One small step into the life of one of America’s greatest men

Rick Armstrong, left, Ryan Gosling and Mark Armstrong attend the "First Man" premiere at the National Air and Space Museum of the Smithsonian Institution on Thursday, Oct. 4, 2018, in Washington. (Photo by Charles Sykes/Invision/AP)

Damien Chazelle has given audiences an experience that they never felt before: To feel as though they are stepping on the moon. Many films have covered space travel before, with 2013’s “Gravity” standing out as a prime example of a film that fully immersed its audience in the experience of an astronaut, but this film takes that concept to a new level. Neil Armstrong’s first steps on the moon are one of the defining moments of human history, recognizable throughout the world. Now, instead of seeing it through grainy footage limited by 1960s television, audiences can witness this event as if it were happening right before their eyes.

Chazelle received no shortage of critical praise in the past for his hit films “Whiplash” and “La La Land.” Now, he has proven himself once more as one of the most gifted filmmakers of his generation with “First Man.” Still, Chazelle does not receive all the credit for the success of this film. The cinematography by Linus Sandgren is outstanding, especially in any of the sequences involving air or space travel. The shots of the moon’s surface are immaculate, leaving you with no option but to stare in awe at their intense beauty.

Most audiences probably know little about Neil Armstrong going into this film. Thankfully, “First Man” more than succeeds at its job, creating a complex portrayal of Armstrong thanks to strong writing by Josh Singer and another terrific performance by Ryan Gosling. Armstrong comes off not as a traditional Hollywood hero, but as a compelling man who struggles to overcome deep emotional loss and balance his family life with his increasingly weighty duties. Other standout performances come from Claire Foy (“The Crown”) as Neil’s wife, Janet and Jason Clarke (“Zero Dark Thirty”) as fellow astronaut Ed White.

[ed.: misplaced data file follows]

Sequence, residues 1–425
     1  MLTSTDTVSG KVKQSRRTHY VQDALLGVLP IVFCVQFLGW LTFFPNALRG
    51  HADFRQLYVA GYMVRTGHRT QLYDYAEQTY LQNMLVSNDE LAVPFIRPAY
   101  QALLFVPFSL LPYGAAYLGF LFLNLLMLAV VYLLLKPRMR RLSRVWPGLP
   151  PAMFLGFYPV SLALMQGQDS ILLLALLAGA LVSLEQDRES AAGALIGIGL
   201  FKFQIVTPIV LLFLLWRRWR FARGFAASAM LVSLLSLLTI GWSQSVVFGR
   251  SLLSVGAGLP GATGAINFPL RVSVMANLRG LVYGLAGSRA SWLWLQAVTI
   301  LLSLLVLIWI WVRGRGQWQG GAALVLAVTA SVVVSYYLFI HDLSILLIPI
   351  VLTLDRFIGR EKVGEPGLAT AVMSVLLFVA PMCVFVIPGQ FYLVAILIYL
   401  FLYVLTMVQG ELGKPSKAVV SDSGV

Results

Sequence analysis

Singer’s screenplay for the film is very unique, capturing real dialogue well. The characters never seem to give in to the commonly stilted dialogue of historical epics, instead acting like actual human beings. This provides both a relaxed atmosphere to many of the scenes and a high level of authenticity.

Still, the film is not perfect. The first half of the film tends to drag, especially in scenes involving Armstrong’s family. Also, some of the time jumps gloss over information that could have been helpful in establishing the importance of the Apollo missions. The film does spend some time on how groundbreaking NASA’s efforts were, but you never truly get a sense of what is at stake for not just these astronauts, but the human race as well. For this reason, the film does not rise to the heights of 1983’s “The Right Stuff” or 1995’s “Apollo 13.” Still, that is by no means a denigration of the film’s quality, as it still stands as one of the great space films and unquestionably one of the best films of the year.

Kayla Sinkevitch, a University of Connecticut Residential Associate and Universal Studios employee, organized the screening. Students were bused to the theatre in the East Brook Mall for a special advanced showing of the film. Sinkevitch said that she felt the film would be a good choice for students due to its focus on the unknown personal life of such an icon. Sinkevitch will also be organizing a screening of “Green Book,” starring Viggo Mortensen and Mahershala Ali, next month.

Rating: 4/5 stars


Evan Burns is campus correspondent for The Daily Campus. He can be reached via email at evan.burns@uconn.edu.